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The microscopical beauty of our kidneys

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ATP tattoo

ATP hummingbird moths Tattoo by Jessa Huebing-Reitinger Adenosine Triphosphate (ATP) is an energy-bearing molecule found in all living cells. Formation of nucleic acids, transmission of nerve impulses, muscle contraction, and many other energy-consuming reactions of metabolism are made possible by … Continue reading

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Electron micrograph of blood

Mindblowing electron micrograph of blood (single erythrocytes) inside a micro needle 🙂 We think many people would like blood a lot more if we could see it like this! Image by Science photo library via ILA

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Watch Alien Worlds Whirl Around a Distant Star

Not too far away, four worlds are orbiting a young, bright star—and now, after staring at the alien stellar system for seven years, we can watch as the planets quietly trace their cosmic loops. There’s something indescribably majestic about watching … Continue reading

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This is the closest-ever photo of a moonlet hiding in Saturn’s rings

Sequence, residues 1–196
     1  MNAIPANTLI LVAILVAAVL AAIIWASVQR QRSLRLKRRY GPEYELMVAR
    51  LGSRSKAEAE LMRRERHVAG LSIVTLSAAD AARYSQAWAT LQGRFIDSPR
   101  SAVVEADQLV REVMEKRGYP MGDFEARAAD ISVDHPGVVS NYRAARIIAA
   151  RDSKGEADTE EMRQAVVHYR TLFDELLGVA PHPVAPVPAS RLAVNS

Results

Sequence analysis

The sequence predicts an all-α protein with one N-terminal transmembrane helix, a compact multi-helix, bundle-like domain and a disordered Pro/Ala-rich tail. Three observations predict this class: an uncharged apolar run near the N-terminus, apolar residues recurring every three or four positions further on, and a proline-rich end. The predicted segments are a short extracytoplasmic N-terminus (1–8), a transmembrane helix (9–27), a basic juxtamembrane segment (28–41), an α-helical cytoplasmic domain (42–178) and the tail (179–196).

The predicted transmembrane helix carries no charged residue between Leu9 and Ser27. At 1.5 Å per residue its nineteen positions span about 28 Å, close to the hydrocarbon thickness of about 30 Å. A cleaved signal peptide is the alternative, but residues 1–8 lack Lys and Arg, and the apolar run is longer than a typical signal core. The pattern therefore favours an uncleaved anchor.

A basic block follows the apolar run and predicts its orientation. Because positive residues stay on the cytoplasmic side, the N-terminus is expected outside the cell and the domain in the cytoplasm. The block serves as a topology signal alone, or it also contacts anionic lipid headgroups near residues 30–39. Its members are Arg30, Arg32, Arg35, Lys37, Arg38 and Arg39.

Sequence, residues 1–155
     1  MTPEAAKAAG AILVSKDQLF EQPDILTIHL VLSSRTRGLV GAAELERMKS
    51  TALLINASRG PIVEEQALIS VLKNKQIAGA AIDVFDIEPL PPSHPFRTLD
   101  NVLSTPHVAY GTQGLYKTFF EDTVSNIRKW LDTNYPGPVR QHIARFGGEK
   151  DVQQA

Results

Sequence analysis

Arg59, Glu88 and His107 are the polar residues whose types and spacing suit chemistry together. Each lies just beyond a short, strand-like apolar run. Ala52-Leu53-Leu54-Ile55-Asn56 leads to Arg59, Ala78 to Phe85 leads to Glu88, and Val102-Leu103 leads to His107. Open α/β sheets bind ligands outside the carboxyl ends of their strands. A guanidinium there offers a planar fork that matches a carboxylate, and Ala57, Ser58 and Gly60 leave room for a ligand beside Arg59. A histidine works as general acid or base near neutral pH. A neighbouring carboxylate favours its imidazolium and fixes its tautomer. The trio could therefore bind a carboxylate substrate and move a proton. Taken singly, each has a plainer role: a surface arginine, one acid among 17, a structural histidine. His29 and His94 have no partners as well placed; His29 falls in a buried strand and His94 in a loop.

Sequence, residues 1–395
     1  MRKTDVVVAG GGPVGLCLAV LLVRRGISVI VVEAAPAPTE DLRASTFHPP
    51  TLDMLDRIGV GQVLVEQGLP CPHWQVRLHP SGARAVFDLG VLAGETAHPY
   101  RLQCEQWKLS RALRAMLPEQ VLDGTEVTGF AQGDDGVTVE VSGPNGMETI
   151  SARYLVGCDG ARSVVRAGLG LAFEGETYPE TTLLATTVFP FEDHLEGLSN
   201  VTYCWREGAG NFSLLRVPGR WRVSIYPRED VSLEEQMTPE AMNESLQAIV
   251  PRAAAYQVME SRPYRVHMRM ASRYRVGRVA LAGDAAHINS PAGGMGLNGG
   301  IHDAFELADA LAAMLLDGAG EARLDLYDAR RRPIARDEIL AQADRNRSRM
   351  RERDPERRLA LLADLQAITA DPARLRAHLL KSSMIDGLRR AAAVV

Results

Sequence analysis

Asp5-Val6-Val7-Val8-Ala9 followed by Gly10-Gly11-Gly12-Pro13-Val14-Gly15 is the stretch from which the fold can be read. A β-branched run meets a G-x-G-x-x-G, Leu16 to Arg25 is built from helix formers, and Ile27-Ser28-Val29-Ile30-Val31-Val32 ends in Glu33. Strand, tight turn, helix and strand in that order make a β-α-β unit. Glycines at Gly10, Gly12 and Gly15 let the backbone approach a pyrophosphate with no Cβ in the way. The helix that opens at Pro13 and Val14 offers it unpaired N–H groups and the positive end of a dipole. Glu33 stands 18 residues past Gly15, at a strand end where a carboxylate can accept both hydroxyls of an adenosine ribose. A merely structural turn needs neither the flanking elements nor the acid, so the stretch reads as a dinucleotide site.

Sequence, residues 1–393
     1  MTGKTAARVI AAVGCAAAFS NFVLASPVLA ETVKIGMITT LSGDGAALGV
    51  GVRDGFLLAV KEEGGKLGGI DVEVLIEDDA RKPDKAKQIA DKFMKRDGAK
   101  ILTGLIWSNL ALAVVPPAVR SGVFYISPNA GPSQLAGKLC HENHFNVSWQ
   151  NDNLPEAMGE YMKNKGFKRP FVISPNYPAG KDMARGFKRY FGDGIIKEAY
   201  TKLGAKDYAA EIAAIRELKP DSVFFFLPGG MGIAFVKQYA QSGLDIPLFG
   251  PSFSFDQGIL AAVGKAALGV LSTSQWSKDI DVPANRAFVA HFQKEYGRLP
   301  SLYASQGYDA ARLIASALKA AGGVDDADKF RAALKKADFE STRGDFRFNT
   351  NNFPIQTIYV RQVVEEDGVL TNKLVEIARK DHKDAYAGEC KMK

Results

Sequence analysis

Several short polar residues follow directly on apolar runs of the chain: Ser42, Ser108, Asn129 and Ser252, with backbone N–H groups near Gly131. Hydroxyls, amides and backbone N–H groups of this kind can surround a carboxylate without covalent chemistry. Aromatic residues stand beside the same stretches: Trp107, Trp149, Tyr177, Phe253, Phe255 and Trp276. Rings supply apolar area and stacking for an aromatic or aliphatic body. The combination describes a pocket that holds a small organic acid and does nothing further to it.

While plow trucks across the US northwest pushed around snow this week, a Mount Everest-size rock near Saturn continued a centuries-long effort of clearing its own lane in the planet’s expansive disc of icy rings. On January 16, the nuclear-powered … Continue reading

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Scientists create first stable semisynthetic organism

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Life’s genetic code has only ever contained four natural bases. These bases pair up to form two “base pairs”—the rungs of the DNA ladder—and they have simply been rearranged to create bacteria and butterflies, penguins and people. Four bases make … Continue reading

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We now know bacteria can communicate electrically, and we should be worried

We already have a lot to worry about when it comes to bacteria, as more and more strains becoming resistant to our dwindling arsenal of antibiotics. Last year, a woman in the US was killed by a superbug resistant to … Continue reading

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Scientists create first 2-D electride

Researchers have brought electrides into the nanoregime by synthesizing the first 2D electride material. Electrides are ionic compounds, which are made of negative and positive ions. But in electrides, the negative “ions” are simply electrons, with no nucleus. The electrons … Continue reading

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This crazy spinning ice disc just appeared in a Michigan river

…A team led by Stéphane Dorbolo from the University of Liége in Belgium decided to get to the bottom of these crazy things once and for all.Using some cameras, a nickel bead, a magnet, and Petri dish popsicles, the researchers … Continue reading